Link to What's New This Week The Lionel Tate Case

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Juveniles and Major Crime

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Created: September 13, 2002
Latest Update: September 13, 2002

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Site Teaching Modules The Lionel Tate Case

On Tuesday, September 17, 2002, Ken Padowitz, Esq wrote:

Subject: Lionel Tate case

Hi Jeanne,

I thought a letter I recently wrote to the Editor of the Fort Lauderdale Sun-Sentinel may help kick off some discussion.

Sincerely,

Ken Padowitz

On Tuesday, September 17, 2002, jeanne answered:

Thanks, Ken. Here's the letter, kids!

Girl's death wasn't a case of rough play Ken Padowitz, Esq.
Karmin Adler & Padowitz
Commentary
Re Sun Sentinel's July 25th Editorial, Criminal Justice - Treat Juveniles as Juveniles: You describe Lionel Tate killing Tiffany Eunich as "…he killed a younger, smaller friend during rough play". Such a description perpetuates a myth that was disproved at trial and minimizes the horrific actions of the defendant.

Lionel Tate punched, kicked and threw tiny first grader, six year old Tiffany Eunick. With each bone crushing smash from his one hundred sixty six pound frame, forty eight pound Tiffany would have screamed out in intense pain and agony from this vicious assault. She was fourteen inches shorter than her attacker and no match for someone three and one half times her weight.

Tiffanys' cries were ignored as each second ticked by and thirty five to forty punches the Defendant admitted to, found their mark. Seconds turned into minutes as the beating continued for approximately five minutes, according to a national child abuse expert. The forces that her body endured were equal to a fall from a second or third story building.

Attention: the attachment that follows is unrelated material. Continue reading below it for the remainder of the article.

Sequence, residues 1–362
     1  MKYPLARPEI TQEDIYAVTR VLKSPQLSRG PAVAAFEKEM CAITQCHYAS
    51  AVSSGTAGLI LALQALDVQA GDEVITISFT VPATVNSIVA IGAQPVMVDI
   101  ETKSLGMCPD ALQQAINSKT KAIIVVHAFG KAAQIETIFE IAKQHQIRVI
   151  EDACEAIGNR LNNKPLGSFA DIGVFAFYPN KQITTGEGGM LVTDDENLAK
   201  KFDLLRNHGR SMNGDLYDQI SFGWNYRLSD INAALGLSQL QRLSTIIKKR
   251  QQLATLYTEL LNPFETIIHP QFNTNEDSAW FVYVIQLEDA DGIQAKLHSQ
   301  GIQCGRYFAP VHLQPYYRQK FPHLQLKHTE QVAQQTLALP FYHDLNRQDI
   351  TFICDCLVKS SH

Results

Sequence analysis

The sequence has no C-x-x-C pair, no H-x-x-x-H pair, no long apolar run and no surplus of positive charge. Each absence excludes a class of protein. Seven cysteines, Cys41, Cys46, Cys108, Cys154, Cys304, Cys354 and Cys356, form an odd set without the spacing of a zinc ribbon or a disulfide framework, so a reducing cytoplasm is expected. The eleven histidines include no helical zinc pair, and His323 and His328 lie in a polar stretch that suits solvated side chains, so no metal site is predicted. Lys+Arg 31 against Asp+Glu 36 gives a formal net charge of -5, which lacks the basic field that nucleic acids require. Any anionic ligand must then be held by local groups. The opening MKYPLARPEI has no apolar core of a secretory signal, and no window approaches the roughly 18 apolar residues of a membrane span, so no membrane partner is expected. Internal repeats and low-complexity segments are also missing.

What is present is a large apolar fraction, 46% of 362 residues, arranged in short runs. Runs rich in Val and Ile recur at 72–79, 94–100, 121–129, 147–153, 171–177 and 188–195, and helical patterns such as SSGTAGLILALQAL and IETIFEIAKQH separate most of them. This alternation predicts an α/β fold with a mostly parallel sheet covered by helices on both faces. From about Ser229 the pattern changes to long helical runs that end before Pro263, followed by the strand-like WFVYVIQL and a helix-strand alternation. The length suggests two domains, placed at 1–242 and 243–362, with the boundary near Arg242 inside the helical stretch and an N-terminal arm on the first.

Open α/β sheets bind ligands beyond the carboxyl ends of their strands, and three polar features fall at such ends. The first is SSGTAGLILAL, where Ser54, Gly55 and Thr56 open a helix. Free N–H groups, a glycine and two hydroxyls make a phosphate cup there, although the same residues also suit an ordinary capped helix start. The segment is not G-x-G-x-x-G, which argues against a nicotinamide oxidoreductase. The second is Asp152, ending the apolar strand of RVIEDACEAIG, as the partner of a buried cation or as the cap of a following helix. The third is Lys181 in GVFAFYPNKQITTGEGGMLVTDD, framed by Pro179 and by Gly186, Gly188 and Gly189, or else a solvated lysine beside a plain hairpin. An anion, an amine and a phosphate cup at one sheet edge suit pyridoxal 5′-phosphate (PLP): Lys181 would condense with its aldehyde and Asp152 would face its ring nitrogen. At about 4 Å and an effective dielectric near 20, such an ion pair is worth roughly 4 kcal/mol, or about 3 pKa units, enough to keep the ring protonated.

As Tiffany lay on the floor, her life ebbed away from internal bleeding due to thirty five injuries which included a cracked skull, bleeding on three different sides of her brain, a broken rib, a lacerated liver, hemorrhaging kidneys, and over twenty eight bruises. Lionel Tate, who described Tiffany as rolling around on the floor acting like a baby, having urinated in her pants, went back to watching television. When Tate allegedly went and got his mother because Tiffany was not breathing, her body was already cold.

Tate was twelve and a half with a normal I.Q.. He is not slow, mentally retarded or mentally ill. Rather he's been described as street smart and bright and who's had major behavior problems for the past eight years which include fighting, assault, lying, stealing and fifteen school suspensions. He's smart enough to see razor blades, blood and violent images on one psychologists' test and nine months later, after numerous court hearings he's attended, takes the same test and miraculously sees angels and butterflies.

An unsettling phenomenon in this country is where a victim of a crime is quickly forgotten or diminished by people rushing to focus on the criminal. What about little Tiffany's once bright future? Where are all the stories on the pretty pigtailed girl who held so much promise only to have her life beaten out of her?